Hull boss Brown wants players to get out of Africa

Hull boss Phil Brown has led calls for Premier League players at the Africa Cup of Nations to return to the UK after the Togo bus came under gunfire.

The coach driver was killed in Friday's attack in Angola, while two Togo players were also shot and injured.

Hull's Gabon striker Daniel Cousin and Nigerian midfielder Seyi Olofinjana are among 31 Premier League players in Africa for the tournament.

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And Brown told The Sun: "I have two players on duty and I want them home."

Defender Serge Akakpo and reserve goalkeeper Kodjovi Obilale were hit in the sustained attack while several other players required hospital treatment and were later seen with bandages on legs, hands and faces.

Togo captain and Manchester City striker Emmanuel Adebayor, who was on the coach but escapeed unharmed, says the team is considering whether to withdraw from the tournament, although organisers insist the competition, which begins on Sunday when host nation Angola play Mali, will go on.

But Tottenham boss Harry Redknapp, who does not have any players at the tournament, said: "It's frightening. It's worth considering calling the whole thing off. We can't just sit around and wait for the next shooting."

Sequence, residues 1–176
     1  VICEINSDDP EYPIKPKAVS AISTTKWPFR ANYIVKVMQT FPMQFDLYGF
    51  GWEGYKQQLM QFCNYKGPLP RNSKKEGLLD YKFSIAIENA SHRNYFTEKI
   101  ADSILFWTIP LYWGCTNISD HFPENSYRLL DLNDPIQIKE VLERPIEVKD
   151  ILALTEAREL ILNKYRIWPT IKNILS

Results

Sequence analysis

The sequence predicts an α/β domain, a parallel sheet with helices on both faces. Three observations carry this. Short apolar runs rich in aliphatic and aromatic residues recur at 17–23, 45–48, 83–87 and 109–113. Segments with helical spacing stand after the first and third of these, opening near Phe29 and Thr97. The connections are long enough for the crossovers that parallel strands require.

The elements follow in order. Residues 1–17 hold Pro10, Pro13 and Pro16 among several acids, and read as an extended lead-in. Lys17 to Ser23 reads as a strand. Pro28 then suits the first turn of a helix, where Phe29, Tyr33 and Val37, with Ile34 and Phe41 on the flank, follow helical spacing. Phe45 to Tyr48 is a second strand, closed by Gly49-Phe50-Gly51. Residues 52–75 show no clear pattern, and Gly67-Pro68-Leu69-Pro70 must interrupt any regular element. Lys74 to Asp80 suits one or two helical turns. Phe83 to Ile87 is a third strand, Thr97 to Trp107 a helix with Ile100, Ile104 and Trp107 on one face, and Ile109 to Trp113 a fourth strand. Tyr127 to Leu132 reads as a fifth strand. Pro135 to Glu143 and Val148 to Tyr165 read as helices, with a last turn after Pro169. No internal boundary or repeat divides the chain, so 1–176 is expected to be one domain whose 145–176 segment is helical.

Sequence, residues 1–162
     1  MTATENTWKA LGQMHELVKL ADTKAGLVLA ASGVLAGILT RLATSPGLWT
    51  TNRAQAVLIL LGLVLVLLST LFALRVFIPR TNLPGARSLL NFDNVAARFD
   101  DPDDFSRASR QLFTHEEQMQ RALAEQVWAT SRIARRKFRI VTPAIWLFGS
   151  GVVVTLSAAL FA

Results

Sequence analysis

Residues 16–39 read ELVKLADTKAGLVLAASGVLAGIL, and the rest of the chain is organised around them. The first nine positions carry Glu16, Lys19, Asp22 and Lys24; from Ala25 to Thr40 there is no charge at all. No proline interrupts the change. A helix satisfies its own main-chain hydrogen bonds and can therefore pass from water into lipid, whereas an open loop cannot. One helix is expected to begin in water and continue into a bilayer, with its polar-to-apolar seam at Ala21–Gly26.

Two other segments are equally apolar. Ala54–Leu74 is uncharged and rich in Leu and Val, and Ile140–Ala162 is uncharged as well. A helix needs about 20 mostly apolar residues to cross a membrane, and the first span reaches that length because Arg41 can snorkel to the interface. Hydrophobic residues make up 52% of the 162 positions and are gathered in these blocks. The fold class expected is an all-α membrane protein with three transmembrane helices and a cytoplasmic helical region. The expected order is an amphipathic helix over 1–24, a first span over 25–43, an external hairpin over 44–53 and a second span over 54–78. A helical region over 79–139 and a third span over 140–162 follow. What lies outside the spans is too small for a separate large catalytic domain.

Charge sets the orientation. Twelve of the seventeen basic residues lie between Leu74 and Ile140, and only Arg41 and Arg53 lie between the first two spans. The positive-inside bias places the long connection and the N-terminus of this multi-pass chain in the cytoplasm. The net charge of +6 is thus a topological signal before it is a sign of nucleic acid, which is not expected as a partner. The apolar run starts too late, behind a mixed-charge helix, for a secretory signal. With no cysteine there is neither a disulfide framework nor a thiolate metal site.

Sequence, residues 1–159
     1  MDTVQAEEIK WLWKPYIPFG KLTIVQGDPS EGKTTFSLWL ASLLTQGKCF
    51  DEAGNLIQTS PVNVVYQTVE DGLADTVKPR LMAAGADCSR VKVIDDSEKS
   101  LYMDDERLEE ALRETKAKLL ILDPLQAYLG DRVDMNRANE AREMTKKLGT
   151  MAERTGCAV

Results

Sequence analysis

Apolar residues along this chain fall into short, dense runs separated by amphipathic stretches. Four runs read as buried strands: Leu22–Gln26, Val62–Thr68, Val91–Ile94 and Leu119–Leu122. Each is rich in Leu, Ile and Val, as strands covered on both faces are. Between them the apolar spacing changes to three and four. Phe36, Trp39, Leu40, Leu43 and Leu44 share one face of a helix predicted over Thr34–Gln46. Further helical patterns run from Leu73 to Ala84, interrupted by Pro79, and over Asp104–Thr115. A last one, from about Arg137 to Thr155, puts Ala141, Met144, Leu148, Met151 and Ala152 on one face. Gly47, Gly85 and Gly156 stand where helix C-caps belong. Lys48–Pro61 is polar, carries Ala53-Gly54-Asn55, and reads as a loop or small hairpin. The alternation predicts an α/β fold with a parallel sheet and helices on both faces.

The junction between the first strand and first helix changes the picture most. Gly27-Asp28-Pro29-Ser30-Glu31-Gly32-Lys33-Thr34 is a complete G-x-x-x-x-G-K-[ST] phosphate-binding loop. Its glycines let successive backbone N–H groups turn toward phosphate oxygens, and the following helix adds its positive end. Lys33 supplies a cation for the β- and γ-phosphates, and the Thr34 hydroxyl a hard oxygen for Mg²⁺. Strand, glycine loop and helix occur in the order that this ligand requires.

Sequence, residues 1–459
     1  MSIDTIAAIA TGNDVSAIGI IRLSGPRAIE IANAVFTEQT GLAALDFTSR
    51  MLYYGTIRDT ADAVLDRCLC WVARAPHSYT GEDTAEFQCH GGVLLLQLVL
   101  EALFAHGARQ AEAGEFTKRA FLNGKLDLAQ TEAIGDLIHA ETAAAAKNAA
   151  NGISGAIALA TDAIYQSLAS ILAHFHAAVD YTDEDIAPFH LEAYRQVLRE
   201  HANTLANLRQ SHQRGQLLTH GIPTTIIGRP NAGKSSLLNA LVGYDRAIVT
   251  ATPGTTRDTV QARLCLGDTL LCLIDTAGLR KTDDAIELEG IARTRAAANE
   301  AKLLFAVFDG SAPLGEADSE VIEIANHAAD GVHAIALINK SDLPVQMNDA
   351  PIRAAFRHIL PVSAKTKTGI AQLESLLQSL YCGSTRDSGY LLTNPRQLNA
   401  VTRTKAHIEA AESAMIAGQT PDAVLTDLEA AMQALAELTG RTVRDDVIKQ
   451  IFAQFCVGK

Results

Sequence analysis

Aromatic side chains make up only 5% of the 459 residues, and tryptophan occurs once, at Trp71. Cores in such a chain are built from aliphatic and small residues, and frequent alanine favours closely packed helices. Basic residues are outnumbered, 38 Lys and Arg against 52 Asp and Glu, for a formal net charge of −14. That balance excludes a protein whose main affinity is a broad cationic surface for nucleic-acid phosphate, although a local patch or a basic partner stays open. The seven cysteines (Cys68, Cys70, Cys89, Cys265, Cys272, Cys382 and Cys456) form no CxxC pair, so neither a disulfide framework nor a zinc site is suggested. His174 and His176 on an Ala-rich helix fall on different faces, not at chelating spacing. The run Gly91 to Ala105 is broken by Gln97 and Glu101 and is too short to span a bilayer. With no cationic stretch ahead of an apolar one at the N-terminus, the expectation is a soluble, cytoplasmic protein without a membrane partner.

Aston Villa manager Martin O'Neill expressed his shock at the incident but was relieved his midfielder Moustapha Salifou was not among the injured.

"The club have been in contact with him and he has reassured us that he is OK but he is extremely shocked and upset, which he would be in these circumstances."

Portsmouth have four players at the tournament and club spokesman Gary Double said they had sought reassurance from the English Football Association and world governing body Fifa about their players' security.

"Our players' safety is paramount and if that can't be guaranteed the players should be sent home," he said.

Professional Footballers' Association chief executive Gordon Taylor said Premier League clubs should not be able to dictate whether their players were sent home.

He told BBC Radio 5 live: "Bearing in mind what has happened, for English clubs to expect players to come home from any other team apart from Togo would be too far.

"It's a decision to be taken by the clubs but that could be in conflict with the African Confederation and Fifa and that is the dilemma of the day, not just in sport, but in many other issues regarding terrorism.

"Do we try to continue life as normally as possible in order to win on the day?

"We need to know the whole circumstances and have a proper inquiry, but you can understand clubs asking for players to come home after such an incident.

"Remember, the driver was killed and the players were under gunfire for half an hour. It doesn't get any more serious than that.

"Clubs release their players under Fifa regulations but they have every right to expect that the security issues and safety is going to be paramount and if that is not the case, they have a serious reason to withdraw them."